Archive for June, 2013

Secrets of the sun

Finally got around to the PBS movie Secrets of the Sun but I have to say after reading “The Sun’s Heartbeat and Other Stories From the Life of the Star That Powers Our Planet“  by Bob Berman, that maybe I already new all of it’s secrets. Still a good movie to watch and I would highly recommend it.

Or if you just want a brief overview of the sun, then check out the song (and video) by They Might Be Giants entitled “Why Does the Sun Shine? (The Sun is a Mass of Incandescent)” . It’s where my kids first learned about the sun a few years back.

Shine on!

 

Green Librarian

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Workin’ for a livin (planet)

Over the years, I’ve really only had one paying job (and one volunteer job) that were truly green jobs. The first one was my volunteer job working with Earth Day 1990 as the state student coordinator for Missouri and that was a blast! I’ve never had so much fun as when trying to coordinate what was going on across the state with high school and college students.

The other job followed on the heels of that job but it actually paid! I worked as a campus coordinator for the Missouri Public Interest Research Group or MoPIRG. Now that was a much tougher job but definitely well worth it. I truly hope I made a difference in the lives of a few of the students at St. Louis Community College at St. Louis and I know that they made a difference in my life.

Anyway, I came across these couple of articles on some really cool jobs in my kids Xplor magazine from the Missouri Department of Conservation. They include “Wild Jobs: Bat Counter” (in the June/July 2011 issue) and “Wild Jobs: Lizard Wrangler” (in the April/May 2012 issue). Not be be outdone however, we have this recent article which was entitled “You Can Apple to be a Professional Polar Bear Spotter” by Jess Zimmerman over at The Grist from earlier this year.

Sincerely-

 

Green Librarian

Disappearing act of our coasts

So while we debate the reasons as to how we are getting there, the evidence as to what is happening continues to mount. One of the most obvious ones is how the coastlines are vanishing as the seas continue to rise. This article by Benjamin Strauss and Robert Kopp, “Rising Seas, Vanishing Coastlines” over at the New York Times, presents some of the possible scenarios.

Sincerely-

 

Green Librarian

400 and counting

One subject to me that I’ve never been clear about is climate change or as it was known previously, global warming. That however was until  just recently when Bob Berman helped paint a clearer picture of it for me in his book “The Sun’s Heartbeat and Other Stories From the Life of the Star That Powers Our Planet“. 

In his book he talks about carbon dioxide (a term I’m a little familiar with ) and how were getting close to this somewhat magic number of 400 ppm, a barrier in which we will probably break by 2016. Anyway, that got me to thinking how I remembered hearing about that number recently.

Well, apparently not a lot of other people were paying attention either as we find out in this article over at the New York Times by Justin Gillis entitled “Heat-Trapping Gas Passes Milestones, Raising Fears“. So even though Bob Berman talks about the four variables, including carbon dioxide, that affect the earths heat swings (along with the Sun’s irrandiance, volcanic dust, El Nino) , it’s seems that at the moment carbon dioxide has taken the lead in this race.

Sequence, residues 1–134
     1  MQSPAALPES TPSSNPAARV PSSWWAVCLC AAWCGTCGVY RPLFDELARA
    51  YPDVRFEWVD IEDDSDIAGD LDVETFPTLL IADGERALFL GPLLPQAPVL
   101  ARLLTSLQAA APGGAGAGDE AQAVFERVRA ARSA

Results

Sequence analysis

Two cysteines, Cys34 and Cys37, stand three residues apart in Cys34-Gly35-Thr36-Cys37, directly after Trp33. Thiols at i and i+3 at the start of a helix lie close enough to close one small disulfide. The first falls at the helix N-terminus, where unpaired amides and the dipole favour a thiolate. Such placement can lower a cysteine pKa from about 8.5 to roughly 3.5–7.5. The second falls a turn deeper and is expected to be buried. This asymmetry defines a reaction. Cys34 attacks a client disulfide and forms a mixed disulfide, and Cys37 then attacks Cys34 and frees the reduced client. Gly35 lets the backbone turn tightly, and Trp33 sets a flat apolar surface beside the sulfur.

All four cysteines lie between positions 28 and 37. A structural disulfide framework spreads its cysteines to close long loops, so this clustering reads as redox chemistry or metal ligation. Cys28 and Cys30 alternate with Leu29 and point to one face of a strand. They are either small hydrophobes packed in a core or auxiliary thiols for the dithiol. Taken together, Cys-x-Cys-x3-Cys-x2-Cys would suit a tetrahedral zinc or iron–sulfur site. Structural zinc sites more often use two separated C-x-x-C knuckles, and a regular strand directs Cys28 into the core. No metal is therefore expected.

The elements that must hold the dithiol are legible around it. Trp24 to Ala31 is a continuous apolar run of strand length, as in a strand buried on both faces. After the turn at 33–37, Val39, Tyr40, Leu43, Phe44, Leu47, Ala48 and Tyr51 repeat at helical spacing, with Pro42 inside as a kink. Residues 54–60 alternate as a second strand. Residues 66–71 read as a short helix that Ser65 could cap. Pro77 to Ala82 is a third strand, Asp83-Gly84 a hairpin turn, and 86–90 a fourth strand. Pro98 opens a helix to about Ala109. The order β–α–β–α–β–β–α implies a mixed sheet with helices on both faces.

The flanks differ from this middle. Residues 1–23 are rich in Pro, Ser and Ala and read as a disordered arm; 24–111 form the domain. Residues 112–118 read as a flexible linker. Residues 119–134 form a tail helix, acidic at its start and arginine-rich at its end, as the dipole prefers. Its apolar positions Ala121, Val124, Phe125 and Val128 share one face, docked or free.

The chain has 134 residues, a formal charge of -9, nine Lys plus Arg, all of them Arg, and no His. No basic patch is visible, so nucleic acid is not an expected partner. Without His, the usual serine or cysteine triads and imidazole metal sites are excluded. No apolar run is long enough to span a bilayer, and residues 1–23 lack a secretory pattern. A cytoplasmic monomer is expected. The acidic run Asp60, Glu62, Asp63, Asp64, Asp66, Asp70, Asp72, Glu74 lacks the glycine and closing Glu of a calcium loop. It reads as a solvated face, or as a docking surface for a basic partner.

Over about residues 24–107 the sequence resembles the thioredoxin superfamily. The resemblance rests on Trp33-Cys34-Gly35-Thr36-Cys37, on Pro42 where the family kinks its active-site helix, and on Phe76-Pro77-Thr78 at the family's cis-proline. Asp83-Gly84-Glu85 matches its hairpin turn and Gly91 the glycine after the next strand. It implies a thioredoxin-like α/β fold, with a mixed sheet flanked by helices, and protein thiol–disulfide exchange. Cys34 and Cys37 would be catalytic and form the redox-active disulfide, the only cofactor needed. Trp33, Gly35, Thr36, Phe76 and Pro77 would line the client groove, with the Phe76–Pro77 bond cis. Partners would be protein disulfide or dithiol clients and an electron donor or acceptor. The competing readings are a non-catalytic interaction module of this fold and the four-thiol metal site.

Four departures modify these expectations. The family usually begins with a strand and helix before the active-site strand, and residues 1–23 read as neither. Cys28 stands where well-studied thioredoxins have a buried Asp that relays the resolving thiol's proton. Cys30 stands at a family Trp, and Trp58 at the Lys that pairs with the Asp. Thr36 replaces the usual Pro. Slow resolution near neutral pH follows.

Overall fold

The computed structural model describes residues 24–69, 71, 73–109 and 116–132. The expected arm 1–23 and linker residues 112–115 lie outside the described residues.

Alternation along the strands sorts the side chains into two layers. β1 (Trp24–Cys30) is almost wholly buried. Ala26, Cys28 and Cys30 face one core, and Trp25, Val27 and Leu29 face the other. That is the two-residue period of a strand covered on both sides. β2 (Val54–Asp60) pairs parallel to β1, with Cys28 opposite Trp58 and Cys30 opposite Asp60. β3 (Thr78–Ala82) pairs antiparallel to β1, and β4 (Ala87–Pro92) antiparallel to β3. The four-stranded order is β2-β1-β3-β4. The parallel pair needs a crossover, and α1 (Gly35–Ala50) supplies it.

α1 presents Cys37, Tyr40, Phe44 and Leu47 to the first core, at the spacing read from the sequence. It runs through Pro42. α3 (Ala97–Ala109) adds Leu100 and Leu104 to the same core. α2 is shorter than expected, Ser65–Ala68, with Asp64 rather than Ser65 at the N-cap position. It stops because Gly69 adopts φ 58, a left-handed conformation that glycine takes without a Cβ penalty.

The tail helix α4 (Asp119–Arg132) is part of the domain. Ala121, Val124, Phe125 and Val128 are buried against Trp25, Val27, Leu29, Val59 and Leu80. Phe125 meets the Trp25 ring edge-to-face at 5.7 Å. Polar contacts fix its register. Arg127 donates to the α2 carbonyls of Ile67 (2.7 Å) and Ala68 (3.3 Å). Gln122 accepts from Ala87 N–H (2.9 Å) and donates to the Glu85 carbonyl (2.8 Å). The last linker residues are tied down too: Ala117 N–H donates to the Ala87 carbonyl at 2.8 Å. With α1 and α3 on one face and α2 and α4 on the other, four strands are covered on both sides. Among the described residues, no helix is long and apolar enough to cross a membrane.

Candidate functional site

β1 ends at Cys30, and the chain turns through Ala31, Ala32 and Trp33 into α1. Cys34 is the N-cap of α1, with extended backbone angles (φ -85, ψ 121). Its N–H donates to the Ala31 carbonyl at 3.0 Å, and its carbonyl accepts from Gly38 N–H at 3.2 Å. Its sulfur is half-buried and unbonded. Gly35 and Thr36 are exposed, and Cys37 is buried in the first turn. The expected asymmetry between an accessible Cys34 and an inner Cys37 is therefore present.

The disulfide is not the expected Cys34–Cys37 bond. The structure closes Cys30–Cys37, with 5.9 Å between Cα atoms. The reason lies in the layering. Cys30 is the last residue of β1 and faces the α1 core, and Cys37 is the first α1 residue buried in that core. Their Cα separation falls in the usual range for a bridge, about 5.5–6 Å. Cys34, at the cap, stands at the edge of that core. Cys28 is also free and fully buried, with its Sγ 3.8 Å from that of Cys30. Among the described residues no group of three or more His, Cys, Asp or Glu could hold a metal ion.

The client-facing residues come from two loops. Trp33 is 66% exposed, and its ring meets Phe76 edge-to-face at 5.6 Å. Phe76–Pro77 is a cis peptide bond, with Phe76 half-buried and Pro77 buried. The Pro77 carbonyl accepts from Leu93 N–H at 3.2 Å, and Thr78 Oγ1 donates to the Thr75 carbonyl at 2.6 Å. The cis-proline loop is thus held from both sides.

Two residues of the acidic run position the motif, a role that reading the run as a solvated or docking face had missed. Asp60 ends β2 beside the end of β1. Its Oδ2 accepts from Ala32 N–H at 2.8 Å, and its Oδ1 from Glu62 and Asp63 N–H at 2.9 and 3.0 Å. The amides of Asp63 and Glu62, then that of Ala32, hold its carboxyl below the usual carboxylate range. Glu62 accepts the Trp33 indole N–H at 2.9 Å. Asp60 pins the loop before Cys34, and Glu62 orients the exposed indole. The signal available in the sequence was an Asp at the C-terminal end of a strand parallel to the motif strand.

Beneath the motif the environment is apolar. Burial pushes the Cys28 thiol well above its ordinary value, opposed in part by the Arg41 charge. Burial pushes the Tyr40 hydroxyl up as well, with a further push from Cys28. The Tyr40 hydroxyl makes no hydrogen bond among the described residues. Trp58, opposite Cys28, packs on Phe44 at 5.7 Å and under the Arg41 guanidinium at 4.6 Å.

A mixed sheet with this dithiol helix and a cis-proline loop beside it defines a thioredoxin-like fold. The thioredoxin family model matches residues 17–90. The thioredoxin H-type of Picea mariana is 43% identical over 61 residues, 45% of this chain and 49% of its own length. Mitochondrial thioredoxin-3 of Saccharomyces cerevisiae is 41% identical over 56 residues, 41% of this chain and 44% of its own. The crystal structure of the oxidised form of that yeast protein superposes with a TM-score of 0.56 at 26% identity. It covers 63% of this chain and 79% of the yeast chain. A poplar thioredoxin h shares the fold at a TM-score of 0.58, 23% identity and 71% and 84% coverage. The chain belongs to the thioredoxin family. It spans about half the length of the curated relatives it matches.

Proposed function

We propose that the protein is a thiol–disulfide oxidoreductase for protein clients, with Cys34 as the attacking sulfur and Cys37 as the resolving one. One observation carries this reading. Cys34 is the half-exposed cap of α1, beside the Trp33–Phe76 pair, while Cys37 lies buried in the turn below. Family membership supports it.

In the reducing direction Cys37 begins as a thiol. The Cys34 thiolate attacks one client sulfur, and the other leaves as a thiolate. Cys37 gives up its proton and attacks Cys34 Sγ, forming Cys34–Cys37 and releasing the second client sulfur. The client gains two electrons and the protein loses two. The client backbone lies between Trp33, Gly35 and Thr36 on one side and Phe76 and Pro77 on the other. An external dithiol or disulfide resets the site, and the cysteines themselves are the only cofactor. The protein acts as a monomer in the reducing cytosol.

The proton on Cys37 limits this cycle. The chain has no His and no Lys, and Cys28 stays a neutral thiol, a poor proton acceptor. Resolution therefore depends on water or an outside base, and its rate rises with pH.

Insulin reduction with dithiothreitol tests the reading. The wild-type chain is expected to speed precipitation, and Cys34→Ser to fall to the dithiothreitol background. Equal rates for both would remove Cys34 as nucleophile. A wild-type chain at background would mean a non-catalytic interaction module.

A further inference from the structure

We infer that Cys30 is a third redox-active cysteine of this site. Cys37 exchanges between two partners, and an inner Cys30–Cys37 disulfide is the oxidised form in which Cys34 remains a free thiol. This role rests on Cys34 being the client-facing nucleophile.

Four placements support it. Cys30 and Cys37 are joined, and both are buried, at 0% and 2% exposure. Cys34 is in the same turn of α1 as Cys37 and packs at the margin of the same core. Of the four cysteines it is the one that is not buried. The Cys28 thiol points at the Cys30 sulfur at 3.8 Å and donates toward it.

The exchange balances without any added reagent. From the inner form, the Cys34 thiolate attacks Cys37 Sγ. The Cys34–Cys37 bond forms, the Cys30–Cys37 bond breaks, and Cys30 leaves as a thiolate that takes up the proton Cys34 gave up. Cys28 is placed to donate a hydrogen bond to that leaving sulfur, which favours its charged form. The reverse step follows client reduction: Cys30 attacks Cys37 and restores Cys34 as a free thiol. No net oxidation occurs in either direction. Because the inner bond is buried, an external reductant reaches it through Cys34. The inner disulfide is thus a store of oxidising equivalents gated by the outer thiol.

Not to be outdone however, NASA put together this video last month of the sun compiled over three years. The article is entitled “Sun’s Daily Life Captured in New Video” by Stephanie Pappas over at LiveScience.

Stay tuned!

 

Green Librarian

 

 

Every tree tells a story

As I have stated here many times, trees are one of my favorite gifts from nature. Two books that my kids use to love to read when they were younger were The Giving Tree and The Lorax. Each is a story that center around trees and so in honor of my kids and our trees, I give you this article by Kelsey Allen over at Mizzou Magazine (from the school where I received my Masters in Library Science) entitled “If Tress Could Talk“.

Sincerely-

 

Green Librarian

One if by land, two if by sea

Unlike the original meaning of that phrase regarding the british, it seems like today the same can be said about how the next disaster that is approaching across the United States. Maybe one if by water or two if by fire. You could also add three for the wind?

Depending on where you live, it could be one or more. For those out west there is this article, “Wildfire Forces Evacuation of Thousands in Northern Los Angeles County” by Jennifer Preston over at The Lede, a New York Times blog.

While here in the midwest we have the overflowing Mighty Mississippi River.  For the latest on what it’s doing, check out “Rising Rivers Flooding Parts of St. Louis Area” over at the St. Louis Post-Dispatch. Just tonight in fact, a levy broke over in Alton, Illinois.

Finally, in the south and again in the midwest, we have the heartbreaking story entitled “Chasing the Storm but Hoping not to Catch it” by Michael Schwirtz also in the New York Times. What’s even more disconcerting is that hurricane season is also just beginning.

Take care and be safe!

 

Green Librarian

Talking to the whales

So if the article “Arctic Sea Ice Melt Disrupts Weather Pattern” by Beck Oskin at LiveScience is true, then maybe we should be listening to the whales.

According to Douglass Main’s article “Enchanting Whale Songs, Stories of a Changing Arctic”, also over at LiveScience, maybe that’s what we should be doing. Apparently they have a lot to tell.

Sincerely-

 

Green Librarian